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Global guidance on carbapenem-resistant bacteria issued by WHO

Global guidance on carbapenem-resistant bacteria issued by WHO

Carbapenem-resistant gram-negative bacteria, namely, carbapenem-resistant Enterobacteriaceae (CRE), Acinetobacter baumannii (CRAB) and Pseudomonas aeruginosa (CRPsA), are an emerging cause of the health-care acquired infection that pose a significant threat to public health. The first-ever global guidelines for the prevention and control of CRE-CRAB-CRPsA in healthcare facilities were published on 14 November 2017.The WHO  has posted the 76-page report that details the recommendations on its website.


The guidelines development group  has made eight key recommendations to help facilities better target the three organisms which  are:

  • Adopt multipart strategies to prevent and control CRE, CRAB, or CRPsA infection or colonization that includes at least hand hygiene, surveillance (especially for CRE), contact precautions, patient isolation (single room or cohorting), and environmental cleaning
  • Implement hand hygiene best practices spelled out in earlier WHO guidance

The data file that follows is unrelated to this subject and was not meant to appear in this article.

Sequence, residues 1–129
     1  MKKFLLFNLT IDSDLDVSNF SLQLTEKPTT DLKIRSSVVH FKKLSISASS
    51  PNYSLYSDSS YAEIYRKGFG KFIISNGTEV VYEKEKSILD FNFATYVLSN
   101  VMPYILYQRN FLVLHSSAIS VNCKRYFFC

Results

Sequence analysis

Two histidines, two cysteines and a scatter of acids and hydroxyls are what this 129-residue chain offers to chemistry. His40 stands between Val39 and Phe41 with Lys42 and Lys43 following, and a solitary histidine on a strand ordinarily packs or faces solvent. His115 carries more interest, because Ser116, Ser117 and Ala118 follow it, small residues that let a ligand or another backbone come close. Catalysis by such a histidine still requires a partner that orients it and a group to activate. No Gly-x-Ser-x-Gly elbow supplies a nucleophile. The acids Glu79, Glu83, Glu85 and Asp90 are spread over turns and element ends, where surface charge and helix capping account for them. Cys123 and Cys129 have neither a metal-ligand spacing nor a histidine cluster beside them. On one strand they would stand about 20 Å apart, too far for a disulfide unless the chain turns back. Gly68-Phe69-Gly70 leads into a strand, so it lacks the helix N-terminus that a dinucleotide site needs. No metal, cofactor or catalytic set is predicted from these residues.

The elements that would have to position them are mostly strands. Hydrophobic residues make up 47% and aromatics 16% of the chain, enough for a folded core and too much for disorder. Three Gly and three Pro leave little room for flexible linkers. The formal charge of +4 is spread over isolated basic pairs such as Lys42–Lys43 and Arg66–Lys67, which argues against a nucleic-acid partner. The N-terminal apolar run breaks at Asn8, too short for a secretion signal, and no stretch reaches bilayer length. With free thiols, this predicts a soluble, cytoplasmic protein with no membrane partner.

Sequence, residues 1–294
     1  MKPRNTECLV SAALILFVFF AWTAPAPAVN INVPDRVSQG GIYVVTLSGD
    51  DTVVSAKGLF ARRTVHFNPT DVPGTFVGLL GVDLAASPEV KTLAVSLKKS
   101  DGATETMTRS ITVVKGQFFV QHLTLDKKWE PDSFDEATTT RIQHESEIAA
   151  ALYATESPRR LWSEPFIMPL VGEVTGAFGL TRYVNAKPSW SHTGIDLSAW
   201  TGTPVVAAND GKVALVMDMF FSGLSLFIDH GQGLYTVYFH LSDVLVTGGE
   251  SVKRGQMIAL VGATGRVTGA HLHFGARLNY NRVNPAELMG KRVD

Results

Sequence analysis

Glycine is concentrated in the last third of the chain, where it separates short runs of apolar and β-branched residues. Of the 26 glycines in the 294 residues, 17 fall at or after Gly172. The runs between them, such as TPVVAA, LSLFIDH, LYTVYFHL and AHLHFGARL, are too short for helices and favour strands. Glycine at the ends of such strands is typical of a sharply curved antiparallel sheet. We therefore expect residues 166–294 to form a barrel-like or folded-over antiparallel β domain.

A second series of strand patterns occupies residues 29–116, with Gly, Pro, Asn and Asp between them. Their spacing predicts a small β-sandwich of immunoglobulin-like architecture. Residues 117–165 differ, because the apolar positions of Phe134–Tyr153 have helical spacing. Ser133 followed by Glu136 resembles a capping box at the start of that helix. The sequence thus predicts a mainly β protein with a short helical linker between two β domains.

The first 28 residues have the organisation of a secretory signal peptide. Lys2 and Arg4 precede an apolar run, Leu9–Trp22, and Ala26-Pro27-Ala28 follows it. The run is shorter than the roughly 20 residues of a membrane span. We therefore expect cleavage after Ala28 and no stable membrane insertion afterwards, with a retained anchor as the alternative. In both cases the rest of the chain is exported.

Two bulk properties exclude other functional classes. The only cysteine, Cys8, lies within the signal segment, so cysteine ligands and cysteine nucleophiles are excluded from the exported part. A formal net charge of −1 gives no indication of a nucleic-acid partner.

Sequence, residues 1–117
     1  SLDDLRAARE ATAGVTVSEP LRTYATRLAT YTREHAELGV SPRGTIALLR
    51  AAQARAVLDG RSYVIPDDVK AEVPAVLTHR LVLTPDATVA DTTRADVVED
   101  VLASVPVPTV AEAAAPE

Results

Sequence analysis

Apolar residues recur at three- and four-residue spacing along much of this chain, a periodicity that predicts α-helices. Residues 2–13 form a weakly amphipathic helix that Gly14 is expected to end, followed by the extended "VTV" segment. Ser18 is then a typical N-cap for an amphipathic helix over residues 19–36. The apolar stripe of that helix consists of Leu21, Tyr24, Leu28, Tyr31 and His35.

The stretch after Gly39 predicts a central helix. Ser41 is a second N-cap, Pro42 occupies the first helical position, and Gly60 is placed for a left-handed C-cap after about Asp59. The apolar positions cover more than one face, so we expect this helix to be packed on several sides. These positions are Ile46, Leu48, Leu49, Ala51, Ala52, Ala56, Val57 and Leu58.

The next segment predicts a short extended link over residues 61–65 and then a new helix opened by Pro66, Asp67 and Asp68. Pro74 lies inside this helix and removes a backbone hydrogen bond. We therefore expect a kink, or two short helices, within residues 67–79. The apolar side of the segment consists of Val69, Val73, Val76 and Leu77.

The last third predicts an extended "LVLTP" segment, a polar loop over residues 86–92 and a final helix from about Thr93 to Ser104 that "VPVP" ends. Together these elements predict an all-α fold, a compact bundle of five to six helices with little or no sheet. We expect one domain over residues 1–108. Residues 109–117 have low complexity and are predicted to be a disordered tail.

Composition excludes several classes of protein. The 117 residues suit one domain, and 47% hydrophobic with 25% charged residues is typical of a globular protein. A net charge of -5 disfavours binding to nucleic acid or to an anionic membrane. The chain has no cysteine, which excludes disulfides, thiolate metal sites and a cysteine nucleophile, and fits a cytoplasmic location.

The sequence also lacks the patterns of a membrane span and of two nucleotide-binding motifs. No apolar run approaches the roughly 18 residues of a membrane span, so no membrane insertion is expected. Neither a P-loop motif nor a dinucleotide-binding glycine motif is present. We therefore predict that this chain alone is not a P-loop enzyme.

• Conduct surveillance for CRE-CRAB-CRPsA infection and colonization, especially targeting those with previous CRE colonization, contacts of CRE patients, or those with a history of recent hospitalization in CRE-endemic settings
  • Implement contact precautions when caring for infected or colonized patients
  • Isolate infected or colonized patients, either in a single room or with others who have the same pathogen
  • Comply with environmental cleaning protocols in the “patient zone” of infected or colonized patients, though the optimal cleaning agent was not identified
  • Take surveillance cultures of the environment to detect contamination
  • Monitor the impact of the interventions


The Experts around the world have shown concern over an alarming increase in the incidence and prevalence of carbapenem-resistant gram-negative bacteria, which have caused outbreaks in different regions of the world involving hospitals and long-term care facilities.In addition to causing severe illnesses and deaths,  the infections have the potential to trigger outbreaks and fuel the spread of resistance.

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